As it’s been asked by a friend of mine, I should explain why someone might think I’m in an unsavory, or grinchy mood. And here’s one of the reasons – the supposition of the necessity of a humbling experience in order to gain something further down the line, also known as redemptive humility. I….HATE….REDEMPTIVE…HUMILITY. I HATE REDEMPTIVE SUFFERING. I HATE THE CONCEPT OF THE BREAKDOWN TO BUILD UP PATH FOR PEOPLE. And now a brief interlude to explain why.
Morehouse College. Great school. I loved my time there. Fun. Fraternities are on the campus, Ques, Sigmas, Kappas came back my senior year, Iotas, and Alphas. My freshman year I was staunchly anti-black frats and sororities. I felt their existence was moot and was nothing more than enhanced social groupings of mostly well to-do black people that rivaled gangs. As my cousin once told me, it’s similar to a gang initiation. There’s the jumping in, the humiliation, the idea that this is your family, that it’s for life, and that ultimately you get colors, symbols, signs and handshakes – all a secret code so that people know which gang you’re in. It made sense to me at 17. 5 years later, there’s still merit to her theory.
Anyway, I said to people then I wouldn’t pledge nothin. Not a thing. Because I took issue with the process and the methodology of the process. “Break you down to build you up.” Forced humility to make you “look deep down inside of yourself and find….” whatever the hell they expect you to find in order to endure whatever hell they’re giving you. A redemption amidst the suffering. There’s a reason for it all. Or at least, there must be, right? Surely there’s no plausible reason for why someone would use a cane or a paddle on my ass unless there was some greater good to be acquired and this was the sole means of acquiring it? Surely there’s no plausible reason for why I would be humiliated in front of my peers unless there was some brighter future to be gained and this was the only way possible for us to get it? Surely, surely, surely…there are other ways to get there. But there’s a delusion out there that this is the only way, so we swallow the big pill and find a reason for our swallowing. We fabricate a reason so that we may deal with the suffering.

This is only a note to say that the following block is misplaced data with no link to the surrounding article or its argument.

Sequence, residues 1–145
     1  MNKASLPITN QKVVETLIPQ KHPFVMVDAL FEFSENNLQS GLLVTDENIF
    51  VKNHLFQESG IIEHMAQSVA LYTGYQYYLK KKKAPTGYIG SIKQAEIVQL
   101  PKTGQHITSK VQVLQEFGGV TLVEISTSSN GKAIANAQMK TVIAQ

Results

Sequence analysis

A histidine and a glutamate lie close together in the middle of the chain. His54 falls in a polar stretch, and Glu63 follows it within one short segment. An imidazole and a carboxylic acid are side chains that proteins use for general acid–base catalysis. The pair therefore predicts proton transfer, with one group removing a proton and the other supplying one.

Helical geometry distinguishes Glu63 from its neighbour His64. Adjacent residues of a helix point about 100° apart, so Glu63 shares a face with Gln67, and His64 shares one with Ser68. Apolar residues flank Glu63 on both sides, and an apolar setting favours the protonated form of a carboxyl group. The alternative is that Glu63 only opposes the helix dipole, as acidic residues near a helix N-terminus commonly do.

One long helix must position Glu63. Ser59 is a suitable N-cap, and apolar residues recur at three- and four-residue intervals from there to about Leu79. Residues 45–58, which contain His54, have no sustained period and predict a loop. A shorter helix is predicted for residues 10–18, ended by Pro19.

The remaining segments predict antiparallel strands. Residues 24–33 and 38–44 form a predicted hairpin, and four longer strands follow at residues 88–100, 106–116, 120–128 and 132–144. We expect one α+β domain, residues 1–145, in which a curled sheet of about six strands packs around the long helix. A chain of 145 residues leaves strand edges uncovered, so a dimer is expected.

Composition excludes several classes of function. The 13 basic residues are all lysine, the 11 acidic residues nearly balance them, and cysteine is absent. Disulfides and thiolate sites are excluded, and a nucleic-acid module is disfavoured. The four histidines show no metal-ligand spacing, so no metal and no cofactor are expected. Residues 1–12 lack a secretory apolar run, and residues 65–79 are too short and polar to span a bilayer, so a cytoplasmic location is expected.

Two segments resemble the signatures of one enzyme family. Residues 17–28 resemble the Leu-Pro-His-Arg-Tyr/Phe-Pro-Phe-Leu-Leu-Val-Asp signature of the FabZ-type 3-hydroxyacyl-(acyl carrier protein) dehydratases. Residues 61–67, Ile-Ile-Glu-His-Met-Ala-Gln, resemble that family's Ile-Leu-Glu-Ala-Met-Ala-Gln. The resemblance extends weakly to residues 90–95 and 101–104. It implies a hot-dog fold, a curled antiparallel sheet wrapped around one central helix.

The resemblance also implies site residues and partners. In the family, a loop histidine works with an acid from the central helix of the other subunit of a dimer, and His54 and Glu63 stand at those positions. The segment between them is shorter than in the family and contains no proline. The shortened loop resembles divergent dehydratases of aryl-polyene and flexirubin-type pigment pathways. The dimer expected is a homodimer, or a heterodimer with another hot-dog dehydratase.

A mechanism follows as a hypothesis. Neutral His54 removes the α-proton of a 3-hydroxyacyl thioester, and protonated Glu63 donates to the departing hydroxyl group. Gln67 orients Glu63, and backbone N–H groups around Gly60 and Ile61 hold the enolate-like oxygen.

This isn’t meant to crap on black frats and sororities; at this point in my life I’m still not up for joining for a lot of the same reasons I had when I was younger but I’m not so militaristic about my stance, nor as dogmatic. But this is a concrete example of what “humbling” has come to mean – an acceptance of bending over and taking it up the tail pipe because of the ideal that there is a brighter future ahead. We just have to take that pain now. You know, the ol’ “Frontload the work now so on the back end you can relax” theory. It’s got its place, but to endure pain or suffering in the hope of a new future doesn’t resonate so well with me.